The hecklers used their veto.
Conservative commentator Ann Coulter told Fox News on Wednesday she would no longer give a planned speech at UC Berkeley after Young America’s Foundation pulled its support for the event amid threats of violence, calling her decision "a dark day for free speech in America."
The speech was originally scheduled to take place Thursday – but Berkeley asked to postpone it until next month after protests over the planned speech grew into a nationally-watched firestorm.
"I looked over my shoulder and my allies had joined the other team."
Coulter, YAF -- which had helped organize and finance the event -- and the Berkeley College Republicans initially fought the school’s decision, with YAF and the college Republicans filing a civil rights lawsuit on Monday. But by Wednesday YAF had “actively” opposed Coulter’s speech, she said, and “ordered the lawyer not [to] file for [a] court order” which would have mandated a room for the talk. The college Republicans are bound by YAF’s decision, Coulter said, “so there’s nothing more I can do.”
“I looked over my shoulder and my allies had joined the other team,” Coulter said in an email.
In a series of tweets, Coulter said she was "so sorry for free speech crushed by thugs."
"It’s sickening when a radical thuggish institution like Berkeley can so easily snuff out the cherished American right to free speech," she tweeted.
"It’s unfortunate we had to cancel the event due to security reasons," Berkeley College Republicans President Troy Worden told reporters.
In a Tuesday statement posted to the YAF website and signed by both YAF and the executive board of the college Republicans, the groups said Berkeley "failed to meet our demands" to provide a safe environment for the speech.
"Ms. Coulter may still choose to speak in some form on campus, but Young America's Foundation will not jeopardize the safety of its staff or students," the statement said.
"The lawsuit has not been dropped," said YAF spokesman Spencer Brown. "At no time did Berkeley provide a time or place for Coulter to speak, and unconstitutionally violated the First Amendment rights of students in preventing YAF's campus lecture from taking place. We are moving ahead with the lawsuit."
Chancellor Nicholas B. Dirks sent a letter to the campus Wednesday saying the university is committed to defending free speech but also to protecting its students.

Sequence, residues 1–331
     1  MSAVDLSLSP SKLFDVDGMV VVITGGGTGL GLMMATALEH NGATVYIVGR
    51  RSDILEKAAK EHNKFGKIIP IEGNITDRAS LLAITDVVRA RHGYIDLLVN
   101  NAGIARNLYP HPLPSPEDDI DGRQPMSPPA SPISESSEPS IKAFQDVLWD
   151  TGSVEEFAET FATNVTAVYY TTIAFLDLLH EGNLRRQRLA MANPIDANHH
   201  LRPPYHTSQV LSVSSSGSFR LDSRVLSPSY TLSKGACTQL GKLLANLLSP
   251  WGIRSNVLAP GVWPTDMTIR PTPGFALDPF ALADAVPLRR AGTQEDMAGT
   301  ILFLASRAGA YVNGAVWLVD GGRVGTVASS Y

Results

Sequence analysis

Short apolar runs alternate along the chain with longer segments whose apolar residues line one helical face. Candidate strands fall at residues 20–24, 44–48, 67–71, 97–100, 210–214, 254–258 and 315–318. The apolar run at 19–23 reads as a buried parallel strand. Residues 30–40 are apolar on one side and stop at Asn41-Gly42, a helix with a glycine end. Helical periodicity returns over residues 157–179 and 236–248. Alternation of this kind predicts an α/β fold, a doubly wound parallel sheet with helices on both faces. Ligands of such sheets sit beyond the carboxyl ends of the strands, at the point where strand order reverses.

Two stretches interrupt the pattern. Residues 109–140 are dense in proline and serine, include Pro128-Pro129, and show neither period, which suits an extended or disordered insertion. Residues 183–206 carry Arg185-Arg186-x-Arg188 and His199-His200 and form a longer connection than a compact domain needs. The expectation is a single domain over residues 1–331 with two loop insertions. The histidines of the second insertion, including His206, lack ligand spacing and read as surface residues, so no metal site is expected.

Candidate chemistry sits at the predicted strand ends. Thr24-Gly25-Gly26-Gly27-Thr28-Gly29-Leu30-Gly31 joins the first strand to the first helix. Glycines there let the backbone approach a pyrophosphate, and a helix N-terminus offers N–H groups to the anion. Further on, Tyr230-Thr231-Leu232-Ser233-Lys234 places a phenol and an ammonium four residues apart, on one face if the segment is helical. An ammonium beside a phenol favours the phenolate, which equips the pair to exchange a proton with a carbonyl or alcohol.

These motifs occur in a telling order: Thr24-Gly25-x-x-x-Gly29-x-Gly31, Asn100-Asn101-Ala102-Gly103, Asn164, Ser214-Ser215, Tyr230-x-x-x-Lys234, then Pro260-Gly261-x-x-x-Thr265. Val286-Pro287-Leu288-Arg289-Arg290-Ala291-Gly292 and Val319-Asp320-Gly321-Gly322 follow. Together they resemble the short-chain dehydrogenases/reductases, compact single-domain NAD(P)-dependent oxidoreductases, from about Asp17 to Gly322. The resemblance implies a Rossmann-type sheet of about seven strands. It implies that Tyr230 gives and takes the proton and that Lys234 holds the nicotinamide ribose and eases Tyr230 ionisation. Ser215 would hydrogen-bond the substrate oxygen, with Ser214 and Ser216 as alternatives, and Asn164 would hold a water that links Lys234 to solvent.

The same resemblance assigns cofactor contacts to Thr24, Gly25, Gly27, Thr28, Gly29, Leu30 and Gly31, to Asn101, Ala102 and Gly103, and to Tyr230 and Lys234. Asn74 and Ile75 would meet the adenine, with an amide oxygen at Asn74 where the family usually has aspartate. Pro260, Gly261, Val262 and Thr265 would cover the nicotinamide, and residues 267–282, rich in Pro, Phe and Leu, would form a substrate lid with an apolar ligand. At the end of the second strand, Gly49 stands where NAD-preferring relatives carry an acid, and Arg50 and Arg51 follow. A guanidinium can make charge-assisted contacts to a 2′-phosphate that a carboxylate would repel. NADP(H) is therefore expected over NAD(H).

"This is a university, not a battlefield," Dirks said in the letter. "The university has two non-negotiable commitments, one to Free Speech the other to the safety of our campus community."
Coulter was coy about what she would be doing instead of giving the talk.
“I think I’m still going to Berkeley, but there will be no speech,” Coulter said Wednesday.
The university's attempt to call off the event came after a series of violent clashes this year on campus and in downtown Berkeley between far-right and far-left protesters.
The lawsuit demands unstated damages and compensation for attorney fees, a trial by jury and an injunction against Berkeley officials from "restricting the exercise of political expression on the UC Berkeley campus."
It names four university officials as defendants, including University of California President Janet Napolitano and Berkeley Chancellor Nicholas B. Dirks, and three police officials, including university police chief Margo Bennett.
Attorney and RNC National Committeewoman Harmeet K. Dhillon said the lawsuit filed against the Berkeley is a "long term remedy" with a "much larger goal."
The University of California president's office issued a statement saying it welcomes speakers of all political viewpoints and "is committed to providing a forum to enable Ann Coulter to speak on the Berkeley campus."
"The campus seeks to ensure that all members of the Berkeley and larger community -- including Ms. Coulter herself -- remain safe during such an event."
Capt. Alex Yao of the Berkley campus police force said police presence will be strong Thursday.
"You will see a high number of highly visible law enforcement. We're going to have a very, very low tolerance for any violence," he told a news conference. He said Berkeley police had reached out to local and state police forces "to let them know we might be calling for assistance."
Fox News’ Michael Lundin and The Associated Press contributed to this report.